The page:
We all have a neglected trait that is beneficial to learning, creativity, and even job satisfaction. Curious? Let’s learn what it is.

The dictionary definition of curiosity, “the desire to discover something,” is powerful enough on its own. According to a 2014 study, participants were considerably more likely to remember the faces that were shown to them when they answered a trivia question that interested them. This unexpected memory boost could be really beneficial when we’re trying to learn something challenging. After all, it is unlikely that you will find our study to be interesting in every way. But if we can manage to spark at least some of our curiosity about the knowledge, we might find that the rest also stays far better. Curiosity might also help us improve our patience. In a recent, unpublished study, Abigail Hsiung, a Ph.D. candidate at Duke University in North Carolina, found that when participants were intrigued, they were more prepared to wait to find out the solution to a mystery. Greater patience and continuous participation in education, especially for difficult topics, are likely to lead to longer studies and deeper knowledge. This could be the reason why curiosity is such a strong indicator of academic success.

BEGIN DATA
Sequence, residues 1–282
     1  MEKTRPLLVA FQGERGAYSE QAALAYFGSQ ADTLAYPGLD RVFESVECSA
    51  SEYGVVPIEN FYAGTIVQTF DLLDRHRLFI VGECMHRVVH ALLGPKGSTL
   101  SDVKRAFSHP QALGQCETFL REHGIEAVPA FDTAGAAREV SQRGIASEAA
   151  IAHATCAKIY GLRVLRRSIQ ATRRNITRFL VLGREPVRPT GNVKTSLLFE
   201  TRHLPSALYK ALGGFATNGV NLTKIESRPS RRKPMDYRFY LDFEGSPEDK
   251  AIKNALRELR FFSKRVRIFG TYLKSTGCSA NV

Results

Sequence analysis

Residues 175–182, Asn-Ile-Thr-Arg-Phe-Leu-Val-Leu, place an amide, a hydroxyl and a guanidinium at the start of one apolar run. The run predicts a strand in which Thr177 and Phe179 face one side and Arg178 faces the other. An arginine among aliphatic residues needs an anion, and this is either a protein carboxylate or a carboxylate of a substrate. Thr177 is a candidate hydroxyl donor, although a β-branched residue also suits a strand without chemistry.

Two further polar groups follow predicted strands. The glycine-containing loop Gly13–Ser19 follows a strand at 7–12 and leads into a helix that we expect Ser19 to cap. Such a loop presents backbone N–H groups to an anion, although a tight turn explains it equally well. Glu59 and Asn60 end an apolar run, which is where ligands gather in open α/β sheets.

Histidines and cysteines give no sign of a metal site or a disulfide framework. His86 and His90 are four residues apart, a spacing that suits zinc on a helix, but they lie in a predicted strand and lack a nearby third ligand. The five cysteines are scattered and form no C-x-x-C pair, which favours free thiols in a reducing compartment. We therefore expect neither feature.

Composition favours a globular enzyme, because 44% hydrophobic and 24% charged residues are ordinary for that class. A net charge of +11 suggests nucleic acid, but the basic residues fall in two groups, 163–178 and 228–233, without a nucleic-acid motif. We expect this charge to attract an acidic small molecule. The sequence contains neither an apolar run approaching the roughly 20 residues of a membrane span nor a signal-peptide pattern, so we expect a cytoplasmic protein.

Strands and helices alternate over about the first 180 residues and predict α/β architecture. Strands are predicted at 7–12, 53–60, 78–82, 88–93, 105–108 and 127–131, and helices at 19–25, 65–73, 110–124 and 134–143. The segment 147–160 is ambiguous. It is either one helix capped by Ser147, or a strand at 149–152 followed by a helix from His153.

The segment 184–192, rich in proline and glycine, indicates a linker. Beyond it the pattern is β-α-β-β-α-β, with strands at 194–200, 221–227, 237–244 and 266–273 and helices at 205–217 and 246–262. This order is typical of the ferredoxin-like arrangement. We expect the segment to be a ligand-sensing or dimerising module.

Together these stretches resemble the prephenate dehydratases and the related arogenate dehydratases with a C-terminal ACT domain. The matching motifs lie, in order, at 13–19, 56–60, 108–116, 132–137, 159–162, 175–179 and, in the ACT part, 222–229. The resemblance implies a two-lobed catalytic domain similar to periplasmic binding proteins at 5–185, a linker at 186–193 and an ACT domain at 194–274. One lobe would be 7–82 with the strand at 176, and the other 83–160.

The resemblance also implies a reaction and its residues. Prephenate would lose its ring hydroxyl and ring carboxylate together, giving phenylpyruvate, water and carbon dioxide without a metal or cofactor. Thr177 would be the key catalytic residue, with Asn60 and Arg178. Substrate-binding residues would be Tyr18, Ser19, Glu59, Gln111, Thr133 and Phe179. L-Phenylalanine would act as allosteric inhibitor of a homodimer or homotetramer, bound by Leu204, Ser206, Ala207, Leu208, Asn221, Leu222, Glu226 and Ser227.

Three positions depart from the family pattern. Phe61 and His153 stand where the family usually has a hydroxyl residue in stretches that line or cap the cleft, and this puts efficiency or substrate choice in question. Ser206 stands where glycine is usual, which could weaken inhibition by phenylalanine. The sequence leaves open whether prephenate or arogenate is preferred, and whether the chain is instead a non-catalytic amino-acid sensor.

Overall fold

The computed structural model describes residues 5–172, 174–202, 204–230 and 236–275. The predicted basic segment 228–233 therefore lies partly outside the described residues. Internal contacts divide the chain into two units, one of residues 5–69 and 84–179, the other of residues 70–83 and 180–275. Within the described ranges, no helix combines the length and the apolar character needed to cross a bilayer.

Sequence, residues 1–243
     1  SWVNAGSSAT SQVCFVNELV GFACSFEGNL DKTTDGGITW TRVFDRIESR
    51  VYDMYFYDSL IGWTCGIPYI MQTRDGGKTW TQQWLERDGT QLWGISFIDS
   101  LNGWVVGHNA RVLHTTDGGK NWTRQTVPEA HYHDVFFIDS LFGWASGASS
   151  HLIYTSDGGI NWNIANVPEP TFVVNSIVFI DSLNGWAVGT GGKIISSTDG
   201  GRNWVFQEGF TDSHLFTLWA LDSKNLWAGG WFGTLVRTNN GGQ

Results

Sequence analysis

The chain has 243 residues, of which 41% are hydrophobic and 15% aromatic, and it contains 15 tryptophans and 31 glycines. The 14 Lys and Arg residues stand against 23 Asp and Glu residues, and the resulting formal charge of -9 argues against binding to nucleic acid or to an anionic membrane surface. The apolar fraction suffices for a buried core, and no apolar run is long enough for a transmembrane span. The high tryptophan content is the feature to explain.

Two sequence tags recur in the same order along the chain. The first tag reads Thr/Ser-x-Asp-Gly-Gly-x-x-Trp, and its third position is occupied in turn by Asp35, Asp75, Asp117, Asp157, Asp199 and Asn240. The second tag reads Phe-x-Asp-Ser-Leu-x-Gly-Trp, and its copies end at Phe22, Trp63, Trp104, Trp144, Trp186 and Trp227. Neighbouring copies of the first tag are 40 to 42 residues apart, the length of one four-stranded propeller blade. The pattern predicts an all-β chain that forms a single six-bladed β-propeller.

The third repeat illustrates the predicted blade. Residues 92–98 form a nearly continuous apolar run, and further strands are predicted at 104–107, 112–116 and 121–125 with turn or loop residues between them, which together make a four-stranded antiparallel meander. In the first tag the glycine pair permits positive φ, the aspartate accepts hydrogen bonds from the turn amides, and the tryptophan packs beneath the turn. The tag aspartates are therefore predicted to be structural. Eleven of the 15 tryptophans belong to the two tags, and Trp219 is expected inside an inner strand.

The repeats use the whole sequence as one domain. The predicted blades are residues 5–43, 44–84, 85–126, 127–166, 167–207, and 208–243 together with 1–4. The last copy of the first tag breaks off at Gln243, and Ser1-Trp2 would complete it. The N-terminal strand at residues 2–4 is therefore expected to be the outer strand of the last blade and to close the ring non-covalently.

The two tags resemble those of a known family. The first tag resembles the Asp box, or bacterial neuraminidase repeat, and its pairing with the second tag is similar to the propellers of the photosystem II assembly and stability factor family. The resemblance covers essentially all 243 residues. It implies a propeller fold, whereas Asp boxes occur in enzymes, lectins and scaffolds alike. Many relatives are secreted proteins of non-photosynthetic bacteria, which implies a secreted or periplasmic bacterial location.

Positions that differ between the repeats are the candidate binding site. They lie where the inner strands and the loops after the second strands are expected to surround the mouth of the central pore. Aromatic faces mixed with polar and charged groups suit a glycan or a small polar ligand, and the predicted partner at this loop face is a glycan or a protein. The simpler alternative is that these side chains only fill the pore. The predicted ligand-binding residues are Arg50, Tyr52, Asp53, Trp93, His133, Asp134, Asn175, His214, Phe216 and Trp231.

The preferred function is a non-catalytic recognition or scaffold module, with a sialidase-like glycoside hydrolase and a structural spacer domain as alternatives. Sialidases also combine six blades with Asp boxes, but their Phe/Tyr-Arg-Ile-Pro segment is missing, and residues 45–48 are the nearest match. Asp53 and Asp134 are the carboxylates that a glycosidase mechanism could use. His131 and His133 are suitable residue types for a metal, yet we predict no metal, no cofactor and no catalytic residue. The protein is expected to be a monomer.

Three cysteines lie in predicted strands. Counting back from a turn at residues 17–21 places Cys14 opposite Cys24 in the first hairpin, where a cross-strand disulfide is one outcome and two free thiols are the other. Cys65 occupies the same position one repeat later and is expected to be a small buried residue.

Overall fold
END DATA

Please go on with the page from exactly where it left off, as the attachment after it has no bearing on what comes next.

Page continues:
Are you curious to learn more about the benefits of curiosity? Don’t remain in your lane, and study more! As physicist Richard Feynman once stated, “Nearly everything is really interesting if you go into it deeply enough.”